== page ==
|Publication number||US5324300 A|
|Application number||US 07/782,663|
|Publication date||Jun 28, 1994|
|Filing date||Oct 25, 1991|
|Priority date||Oct 25, 1991|
|Also published as||CA2099287A1, DE69224057D1, DE69224057T2, EP0564630A1, EP0564630A4, EP0564630B1, WO1993007819A2, WO1993007819A3|
|Publication number||07782663, 782663, US 5324300 A, US 5324300A, US-A-5324300, US5324300 A, US5324300A|
|Inventors||Elias G. Elias, Robert J. Chapolini|
|Original Assignee||Elias Elias G, Chapolini Robert J|
|Export Citation||BiBTeX, EndNote, RefMan|
|Patent Citations (10), Referenced by (194), Classifications (17), Legal Events (10)|
|External Links: USPTO, USPTO Assignment, Espacenet|
1. Field of the Invention
The invention relates to a device for the controlled excision of a piece of tissue from a living body. The term "tissue," as used herein, refers, but is not limited to dense structures such as bone and other calcified structures and to soft structures such as solid organs and tumors. The tissue removed could be for the purpose of diagnosing a suspected pathologic condition that is involving the tissue, and/or for the purpose of completely removing all diseased tissue, thus effecting treatment of the disease. Another purpose of removing a piece of tissue would be to provide an access port to fluid or tissue below the surface of an organ or structure; the aspiration of marrow from the cavity of a bone is an example of this application of the invention.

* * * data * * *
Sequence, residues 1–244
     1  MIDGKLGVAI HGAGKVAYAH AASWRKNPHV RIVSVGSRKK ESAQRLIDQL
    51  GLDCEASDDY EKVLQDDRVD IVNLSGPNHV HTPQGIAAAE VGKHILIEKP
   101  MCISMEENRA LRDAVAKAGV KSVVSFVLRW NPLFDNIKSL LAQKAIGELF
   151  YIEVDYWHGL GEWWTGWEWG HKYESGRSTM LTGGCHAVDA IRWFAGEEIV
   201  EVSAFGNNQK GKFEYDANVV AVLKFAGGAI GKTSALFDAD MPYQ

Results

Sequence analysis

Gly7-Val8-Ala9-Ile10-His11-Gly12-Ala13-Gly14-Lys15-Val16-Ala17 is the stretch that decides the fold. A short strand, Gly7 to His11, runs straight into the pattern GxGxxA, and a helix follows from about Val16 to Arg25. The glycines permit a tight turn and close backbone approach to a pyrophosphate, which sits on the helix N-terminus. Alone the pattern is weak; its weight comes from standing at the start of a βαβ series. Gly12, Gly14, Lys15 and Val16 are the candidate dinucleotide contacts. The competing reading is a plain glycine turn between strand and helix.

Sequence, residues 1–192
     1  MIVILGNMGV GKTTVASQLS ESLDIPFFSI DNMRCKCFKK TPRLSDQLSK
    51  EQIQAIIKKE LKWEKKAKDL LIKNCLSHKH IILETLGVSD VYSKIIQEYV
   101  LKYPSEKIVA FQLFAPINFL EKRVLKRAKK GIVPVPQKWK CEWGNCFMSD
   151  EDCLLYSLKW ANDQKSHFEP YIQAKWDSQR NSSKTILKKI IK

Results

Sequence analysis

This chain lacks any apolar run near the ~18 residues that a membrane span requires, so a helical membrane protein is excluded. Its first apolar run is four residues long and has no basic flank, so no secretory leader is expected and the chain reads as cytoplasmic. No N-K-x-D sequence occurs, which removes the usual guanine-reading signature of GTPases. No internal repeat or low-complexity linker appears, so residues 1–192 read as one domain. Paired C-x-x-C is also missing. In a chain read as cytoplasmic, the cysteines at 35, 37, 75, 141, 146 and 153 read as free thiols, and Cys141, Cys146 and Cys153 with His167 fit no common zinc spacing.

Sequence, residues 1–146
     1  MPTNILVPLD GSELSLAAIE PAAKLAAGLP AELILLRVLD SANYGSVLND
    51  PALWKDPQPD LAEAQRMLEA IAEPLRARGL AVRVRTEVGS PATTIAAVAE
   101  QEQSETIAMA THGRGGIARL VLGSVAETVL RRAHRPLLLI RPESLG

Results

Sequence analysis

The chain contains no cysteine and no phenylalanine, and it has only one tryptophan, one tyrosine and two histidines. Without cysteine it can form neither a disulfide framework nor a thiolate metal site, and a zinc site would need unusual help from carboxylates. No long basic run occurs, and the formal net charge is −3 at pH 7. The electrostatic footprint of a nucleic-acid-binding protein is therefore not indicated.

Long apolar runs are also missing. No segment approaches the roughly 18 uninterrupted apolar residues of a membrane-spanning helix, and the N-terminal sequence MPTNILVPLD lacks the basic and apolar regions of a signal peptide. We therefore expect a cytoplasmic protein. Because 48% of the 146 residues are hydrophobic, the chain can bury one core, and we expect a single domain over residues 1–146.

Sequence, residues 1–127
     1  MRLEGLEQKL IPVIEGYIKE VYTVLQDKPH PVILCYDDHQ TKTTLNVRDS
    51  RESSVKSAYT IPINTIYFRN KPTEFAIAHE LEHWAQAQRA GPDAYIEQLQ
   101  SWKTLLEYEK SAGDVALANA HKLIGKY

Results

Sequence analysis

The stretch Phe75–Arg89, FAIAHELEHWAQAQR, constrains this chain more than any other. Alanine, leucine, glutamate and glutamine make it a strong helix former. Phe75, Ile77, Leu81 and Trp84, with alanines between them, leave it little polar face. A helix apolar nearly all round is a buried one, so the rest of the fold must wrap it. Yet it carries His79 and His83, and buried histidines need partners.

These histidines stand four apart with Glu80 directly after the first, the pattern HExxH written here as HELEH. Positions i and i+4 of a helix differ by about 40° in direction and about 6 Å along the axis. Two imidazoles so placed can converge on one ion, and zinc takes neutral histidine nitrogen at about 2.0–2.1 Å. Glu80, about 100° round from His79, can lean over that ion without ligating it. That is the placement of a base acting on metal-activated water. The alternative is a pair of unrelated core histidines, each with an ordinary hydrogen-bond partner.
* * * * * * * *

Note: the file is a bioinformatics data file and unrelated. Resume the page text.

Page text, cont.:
2. Description of Prior or Contemporary Art